Counter-Trend ETF Trading System
In my reading list for this past weekend there was a Counter-Trend Trading article (courtesy of The Idea Farm). The article from 361 Capital argues counter-trend systems are frequently overlooked but deserve consideration.
The article by 361 Capital used a 10 day high/low system as an example of counter-trend system. The model went short when the S&P 500 hit a 10 day high and went long when the S&P 500 hit a 10 day low. Positions were held for 3, 5, and 10 days in their backtests. The model was intended as an example of a counter-trend system and not as an optimized system, but it did perform well in their backtests.
Counter-trend systems like the one constructed in the paper are intended to have more trades, shorter holding periods, and a higher percentage of small winning trades. This contrasts to trend-following systems that tend to have fewer winners but much larger returns on the winning trades. In theory, trend following works in trending markets (either up or down), while a counter-trend system should flourish more in volatile and directionless markets.
Using some of the examples in the paper I created a very simple counter-trend system. I tested a relative strength system using SPDR S&P 500 (SPY) and ProShares Short S&P 500 (SH). The ETF with the highest 5 day relative returns was sold short and held for 2 weeks. The closing price the following day was used as the entry price for the short. This strategy was tested from 2007 until October 26th, 2012. The results are below and compared to a buy and hold of SPY. I used return data from ETFReplay.com and then built a custom excel sheet to test the system.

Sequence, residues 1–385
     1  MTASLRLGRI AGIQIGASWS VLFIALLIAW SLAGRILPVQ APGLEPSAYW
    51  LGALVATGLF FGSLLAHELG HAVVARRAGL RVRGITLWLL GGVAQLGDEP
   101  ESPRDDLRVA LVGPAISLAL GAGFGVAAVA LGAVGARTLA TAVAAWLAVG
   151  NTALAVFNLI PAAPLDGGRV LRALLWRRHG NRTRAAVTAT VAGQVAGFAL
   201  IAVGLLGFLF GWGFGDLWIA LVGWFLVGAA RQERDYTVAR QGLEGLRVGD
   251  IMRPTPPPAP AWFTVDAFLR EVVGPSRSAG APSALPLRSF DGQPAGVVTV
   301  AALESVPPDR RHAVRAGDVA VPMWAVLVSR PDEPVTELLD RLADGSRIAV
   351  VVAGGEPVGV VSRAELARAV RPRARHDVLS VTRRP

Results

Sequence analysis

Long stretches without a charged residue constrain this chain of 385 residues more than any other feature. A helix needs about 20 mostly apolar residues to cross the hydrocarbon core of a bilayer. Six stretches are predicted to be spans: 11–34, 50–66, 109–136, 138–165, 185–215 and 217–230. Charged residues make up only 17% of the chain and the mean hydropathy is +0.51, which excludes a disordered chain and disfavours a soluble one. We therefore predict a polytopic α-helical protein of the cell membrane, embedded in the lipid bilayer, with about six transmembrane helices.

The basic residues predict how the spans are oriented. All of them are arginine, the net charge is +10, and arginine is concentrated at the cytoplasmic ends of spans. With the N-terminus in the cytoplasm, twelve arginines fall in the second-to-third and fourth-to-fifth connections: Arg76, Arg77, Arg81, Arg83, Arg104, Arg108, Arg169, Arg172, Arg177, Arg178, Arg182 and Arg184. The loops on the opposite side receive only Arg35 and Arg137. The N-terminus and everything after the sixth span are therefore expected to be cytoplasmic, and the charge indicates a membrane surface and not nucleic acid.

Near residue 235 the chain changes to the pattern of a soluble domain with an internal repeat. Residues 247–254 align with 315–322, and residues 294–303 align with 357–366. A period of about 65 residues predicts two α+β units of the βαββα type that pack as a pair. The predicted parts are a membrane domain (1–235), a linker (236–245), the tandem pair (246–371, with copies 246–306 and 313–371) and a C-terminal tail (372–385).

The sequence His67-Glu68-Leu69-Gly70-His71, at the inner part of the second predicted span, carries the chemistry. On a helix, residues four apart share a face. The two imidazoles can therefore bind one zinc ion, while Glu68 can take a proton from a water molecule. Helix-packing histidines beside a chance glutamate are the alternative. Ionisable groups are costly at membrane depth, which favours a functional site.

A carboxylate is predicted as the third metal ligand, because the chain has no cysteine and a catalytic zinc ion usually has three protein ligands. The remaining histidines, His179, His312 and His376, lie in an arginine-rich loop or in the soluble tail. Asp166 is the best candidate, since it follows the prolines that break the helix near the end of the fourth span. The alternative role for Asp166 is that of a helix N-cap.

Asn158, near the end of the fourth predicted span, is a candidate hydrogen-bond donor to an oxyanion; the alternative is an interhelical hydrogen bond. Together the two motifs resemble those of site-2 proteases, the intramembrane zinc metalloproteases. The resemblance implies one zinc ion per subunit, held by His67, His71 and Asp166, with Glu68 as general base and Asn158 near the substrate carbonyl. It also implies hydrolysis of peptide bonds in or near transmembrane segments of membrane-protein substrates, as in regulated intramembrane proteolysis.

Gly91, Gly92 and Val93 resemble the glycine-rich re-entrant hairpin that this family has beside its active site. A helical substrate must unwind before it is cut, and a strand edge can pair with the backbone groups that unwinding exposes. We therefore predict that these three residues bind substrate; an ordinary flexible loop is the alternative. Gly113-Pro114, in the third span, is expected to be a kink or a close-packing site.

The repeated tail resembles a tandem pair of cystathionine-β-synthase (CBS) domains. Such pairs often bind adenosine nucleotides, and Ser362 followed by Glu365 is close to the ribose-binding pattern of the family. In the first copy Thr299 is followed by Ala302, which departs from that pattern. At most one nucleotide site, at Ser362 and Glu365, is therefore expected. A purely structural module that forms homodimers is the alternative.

No slippage or commissions were assumed in this test. In addition, no margin costs for a short-sale were assumed. The system used shorting for simplicity sake in the backtesting. However, given the prevalence of 1x inverse ETFs, shorting is most likely not necessary in many ETF based systems:
The tests show a compound return of 122.3% versus 12.7% of SPY over the same time period. The max drawdown (at each re-balance date) of the counter-trend system was 24.6% versus 52.9% for SPY. However, 26 trades per year in the counter-trend system and any potential tax consequences, margin costs (if any), and slippage would reduce the tests results. By using the closing price the following day a signal was generated, I attempted to make the system more realistic in terms of trade execution. However, using the closing price of the date the signal was generated presented similar returns.
These tests and results are preliminary and caution is warranted, but I have been experimenting with different timeframes (all of them less than 20 days) and different baskets of ETFs with some mixed success. Relative strength may not be the optimal method to gauge counter-trend; a system based on absolute returns (i.e. a 10 day high or some other time period) for a single security -as opposed to a basket of securities for which relative strength depends–may be more appropriate. However, I think relative strength counter-trend systems are an under-studied area and at the very least deserve further attention.
The following article is from one of our external contributors. It does not represent the opinion of Benzinga and has not been edited.